How to Work out If You're a Good Fielding Team | Cricket coaching, fitness and tips

How to Work out If You're a Good Fielding Team

In the 2017 BBL, it was found that the better the fielding side, the better the league position. We finally had proof that catches (and saves and run outs) win matches.

But does this apply to cricket outside the pros?


There was only one way to find out, and that is to try measuring the effect of fielding on a club team. So, during the 2017 UK summer, I have been keeping fielding impact scores for my team.

Spoiler alert: It turns out that the better the fielding side, the higher in the league you are. Here's how I came to that idea.

What is fielding impact?

The first problem was to work out how you measure fielding. I knew we had to get in catches, drops, stops, misfields, stumpings and throws for run outs. But how do you turn that into an easy to understand number of runs saved?

The very clever guys at CricViz came up with a measure called "Fielding Impact". Click here to read the details. I took the basic idea of assigning runs for each incident and adjusted the basic runs to reflect average scores in 50 over non-professional cricket.

Naturally, you could pick this method apart if you wanted. It is trying to make a prediction and predictions can never be totally right. However it seemed broadly fair in rewarding good fielding skills with runs saved, and punishing errors with runs lost. Over the course of a season, this will average out to a roughly correct ball-park figure.

Judging fielding

During our 50 over games, I then took the role of analyst: I recorded for both the team I coach and the opposition the following stats:

  • Easy catch chances
  • World-class catch chances
  • Hit or miss stumps (and run out or not)
  • Good stops and misfields
  • Stumping chances

Naturally, some things are open to interpretation. A catch is a catch but was it expected or high-class? How do you tell the difference between a stop that saved runs and a stop that didn't? There is guesswork and cricket-knowledge involved. It's imperfect.

I feel strongly that as long as the analyst is consistent as possible, over time you will get a broadly accurate picture of how a team does in the field.

The results of fielding impact

Enough theory, what were the results?

The team I coach have played, so far in 2017, 10 matches. Here are the team scores (click to enlarge):


As you can see, there is a wide variation in impact. The overall impact for the team I coach is +64 (64 runs saved in total).

This compares favourably to the BBL scores where the best impact was +25 (in a shorter format).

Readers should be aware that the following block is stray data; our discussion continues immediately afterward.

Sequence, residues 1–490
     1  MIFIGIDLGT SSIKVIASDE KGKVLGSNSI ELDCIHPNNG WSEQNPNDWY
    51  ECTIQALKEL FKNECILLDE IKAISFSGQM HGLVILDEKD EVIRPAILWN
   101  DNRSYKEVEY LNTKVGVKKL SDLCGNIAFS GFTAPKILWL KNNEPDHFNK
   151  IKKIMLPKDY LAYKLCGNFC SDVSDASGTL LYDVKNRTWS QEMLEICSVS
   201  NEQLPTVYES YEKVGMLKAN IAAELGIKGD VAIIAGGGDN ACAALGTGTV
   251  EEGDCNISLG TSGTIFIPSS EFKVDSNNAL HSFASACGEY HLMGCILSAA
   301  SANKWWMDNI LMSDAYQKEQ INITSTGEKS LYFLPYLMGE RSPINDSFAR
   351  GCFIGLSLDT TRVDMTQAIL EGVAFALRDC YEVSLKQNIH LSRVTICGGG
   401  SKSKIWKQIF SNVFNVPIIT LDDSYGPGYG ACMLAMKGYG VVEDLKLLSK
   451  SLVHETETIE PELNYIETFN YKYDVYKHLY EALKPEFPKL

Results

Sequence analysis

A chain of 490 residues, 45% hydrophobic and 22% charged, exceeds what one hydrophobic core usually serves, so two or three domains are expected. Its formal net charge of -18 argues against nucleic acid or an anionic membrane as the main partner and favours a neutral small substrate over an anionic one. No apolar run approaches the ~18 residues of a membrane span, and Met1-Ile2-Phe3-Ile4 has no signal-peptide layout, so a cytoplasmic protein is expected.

Meanwhile, the opposition's impact is +15.

Currently the team I coach are top of the league, and so the fielding impact reflects the league position.

It's also now possible to say, despite dropping 17 catches in 10 games, this team hare have an overall positive fielding impact and are a good fielding side.

(Although as coach, the catch rate of 67% gives us something to work on.)

Mining the data

The other big advantage of having this fielding data is you can look for areas to work on.

For example, before this year I could not have said for sure where catches were begin taken and dropped. This year I can see easily that most catches are taken in the inner ring, we barely get a chance on the rope and we only take half our slip catches. I know what we are working on in training!

You can also see who is doing well individually. Here is a breakdown of impact per player in the team (click to enlarge):

From this information we can see who needs to do more practice in certain areas. The worst fielder by impact is one of the best fielders in the team, but he dropped four catches early in the season and has yet to recover from these expensive errors! Meanwhile the top fielder has not missed a chance.

Compare this to the traditional way of judging fielding: number of catches. A safe slip catcher and keeper will usually top the table but it hides things. For example, the player with the most catches in this team is only third in the impact table. The person in second place has only take one catch so far but has made a series of good stops, performed a run out and - crucially - not made a fielding error all year.

Is fielding impact worth it?

It's a lot more work to measure fielding impact, but if you are a team serious about getting better at fielding, you can use the information to better prepare.

If you can find someone to record fielding impact, go for it. It will be worth the effort when you take that league or cup winning catch!

Broadcast Your Cricket Matches!

Ever wanted your skills to be shown to the world? PV/MATCH is the revolutionary product for cricket clubs and schools to stream matches, upload HD highlights instantly to Twitter and Facebook and make you a hero!

PV/MATCH let's you score the game, record video of each ball, share it and use the outcomes to take to training and improve you further.

Click here for details.